Red Lettering

Stories will not be written easily. A story without a heart is dead, and the only place it will get a heart is from the author.

Avoiding the Pseudo-Narnia

Avoiding the Pseudo-Narnia

On October 16th, 1950, C.S. Lewis released the first book in The Chronicles of Narnia. The world had never seen that type of novel before. The idea of a few children hopping into another world where allegorical figures told timeless truths was an original one in the ’50s.

It isn’t anymore.

In all the years since I’ve been reading, I cannot count the amount of Narnia-style books that I have read. All could be summarized like this:

A child (or a couple of children) happen to find themselves in another world (usually after being upset for some reason) where they are prophesied to save the world. They find a European-style society with mythical creatures and oftentimes talking animals, and an allegorical representation of God and Jesus.

Though some add or take away minor elements, all of these “Pseudo-Narnias” as I like to call them follow the same basic pattern.

Authors have been called over the years some of the greatest thinkers in the world. We have imagination like no other type of people. We have the ability to critically think through problems and find solutions. We find it entertaining to create whole new worlds—so why have we churned out so many reproductions of the one most well-known book in children’s literature?

I am not a huge fan of world hopping. Even when I was seven years old and reading through The Chronicles of Narnia for the first time, The Horse and His Boy was always my favorite of the series because it lacked moving between two worlds. Even when I was that young, I hated the feeling that I had seen all there was to see of world hopping—I would rather just be rid of it altogether.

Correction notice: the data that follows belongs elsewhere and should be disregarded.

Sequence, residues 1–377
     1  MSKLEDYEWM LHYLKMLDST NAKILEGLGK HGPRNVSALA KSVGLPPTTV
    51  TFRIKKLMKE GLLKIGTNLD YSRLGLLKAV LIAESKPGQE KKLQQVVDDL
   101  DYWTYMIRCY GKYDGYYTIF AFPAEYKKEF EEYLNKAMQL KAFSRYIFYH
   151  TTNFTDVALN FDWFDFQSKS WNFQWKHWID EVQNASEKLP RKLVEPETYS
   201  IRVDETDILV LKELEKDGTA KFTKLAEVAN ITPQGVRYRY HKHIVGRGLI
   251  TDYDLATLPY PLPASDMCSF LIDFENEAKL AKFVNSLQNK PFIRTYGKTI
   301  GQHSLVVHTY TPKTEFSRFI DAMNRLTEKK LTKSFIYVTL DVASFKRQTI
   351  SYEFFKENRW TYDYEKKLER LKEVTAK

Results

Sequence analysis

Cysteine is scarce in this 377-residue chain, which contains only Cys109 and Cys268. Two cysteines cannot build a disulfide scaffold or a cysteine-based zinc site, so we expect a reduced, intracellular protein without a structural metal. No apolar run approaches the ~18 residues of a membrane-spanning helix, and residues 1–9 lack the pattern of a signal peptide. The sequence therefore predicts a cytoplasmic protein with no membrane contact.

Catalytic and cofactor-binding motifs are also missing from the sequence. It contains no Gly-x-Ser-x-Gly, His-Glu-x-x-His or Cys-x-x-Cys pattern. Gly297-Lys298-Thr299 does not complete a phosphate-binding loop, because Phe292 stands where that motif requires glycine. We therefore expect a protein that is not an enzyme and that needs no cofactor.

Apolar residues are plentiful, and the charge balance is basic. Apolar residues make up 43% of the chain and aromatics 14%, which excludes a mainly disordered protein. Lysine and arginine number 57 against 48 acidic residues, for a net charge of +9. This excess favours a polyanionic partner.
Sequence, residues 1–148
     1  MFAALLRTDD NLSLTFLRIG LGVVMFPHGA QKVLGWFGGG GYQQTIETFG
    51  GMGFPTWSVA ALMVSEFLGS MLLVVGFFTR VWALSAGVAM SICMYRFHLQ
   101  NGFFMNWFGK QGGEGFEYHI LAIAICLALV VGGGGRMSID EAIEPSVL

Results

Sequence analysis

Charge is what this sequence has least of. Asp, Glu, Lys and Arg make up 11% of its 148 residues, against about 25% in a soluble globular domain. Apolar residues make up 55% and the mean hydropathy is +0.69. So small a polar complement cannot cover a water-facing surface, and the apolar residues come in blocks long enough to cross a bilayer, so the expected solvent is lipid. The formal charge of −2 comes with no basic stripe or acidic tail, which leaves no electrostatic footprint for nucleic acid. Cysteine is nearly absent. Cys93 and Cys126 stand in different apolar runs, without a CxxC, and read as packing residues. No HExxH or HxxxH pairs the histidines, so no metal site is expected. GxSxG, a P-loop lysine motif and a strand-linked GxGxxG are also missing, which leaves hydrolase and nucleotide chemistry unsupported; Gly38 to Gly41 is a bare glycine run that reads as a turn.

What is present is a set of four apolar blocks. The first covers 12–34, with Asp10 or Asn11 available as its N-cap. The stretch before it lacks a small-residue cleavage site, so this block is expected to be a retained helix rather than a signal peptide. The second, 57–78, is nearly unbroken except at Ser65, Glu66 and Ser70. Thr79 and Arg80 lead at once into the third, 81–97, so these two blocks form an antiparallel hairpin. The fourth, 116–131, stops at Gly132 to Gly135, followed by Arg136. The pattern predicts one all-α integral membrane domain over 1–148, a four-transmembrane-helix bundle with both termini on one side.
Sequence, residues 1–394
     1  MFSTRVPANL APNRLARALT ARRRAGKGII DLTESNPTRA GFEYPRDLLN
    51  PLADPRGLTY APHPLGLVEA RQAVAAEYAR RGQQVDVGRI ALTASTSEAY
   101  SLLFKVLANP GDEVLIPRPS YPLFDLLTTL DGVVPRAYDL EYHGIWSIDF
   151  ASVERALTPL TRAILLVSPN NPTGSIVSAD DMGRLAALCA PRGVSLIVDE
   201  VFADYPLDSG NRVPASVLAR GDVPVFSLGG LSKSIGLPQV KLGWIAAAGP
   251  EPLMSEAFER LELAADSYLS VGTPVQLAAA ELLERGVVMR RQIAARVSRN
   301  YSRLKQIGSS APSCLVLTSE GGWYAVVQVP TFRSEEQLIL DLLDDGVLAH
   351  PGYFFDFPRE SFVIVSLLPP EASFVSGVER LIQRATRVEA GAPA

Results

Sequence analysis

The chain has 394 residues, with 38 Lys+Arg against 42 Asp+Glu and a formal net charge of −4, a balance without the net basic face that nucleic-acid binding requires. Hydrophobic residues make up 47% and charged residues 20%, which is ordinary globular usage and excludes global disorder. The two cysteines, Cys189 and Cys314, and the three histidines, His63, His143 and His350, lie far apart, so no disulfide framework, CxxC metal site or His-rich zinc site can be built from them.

Since then, I’ve read more books and eased off slightly on my no world-hopping rule (though it grew dramatically in between this time and that before it lessened). I’ve read some books where portals and other worlds were masterfully done.

The difference in these novels?

They lacked allegories. They lacked prophecies. They didn’t have random small children wandering into other worlds in order to save them without the slightest bit of strain or PTSD on the kids.

Personally I am of the opinion that if an author wishes for people to read The Chronicles of Narnia enough that they would be willing to write a book, they should instead firmly but politely direct them to the series. Instead of creating a Pseudo-Narnia, they should create their own stories, craft their own worlds, and leave clichés behind.

Ways to Avoid Creating Pseudo-Narnias

Avoid eight to ten-year old children who are upset about moving. Instead, try a thirty-two year old secret agent who was apparently born with a semi-automatic in his hand and an unending supply of bullets (but please, watch out for how many times he can shoot a gun in a row without having to reload).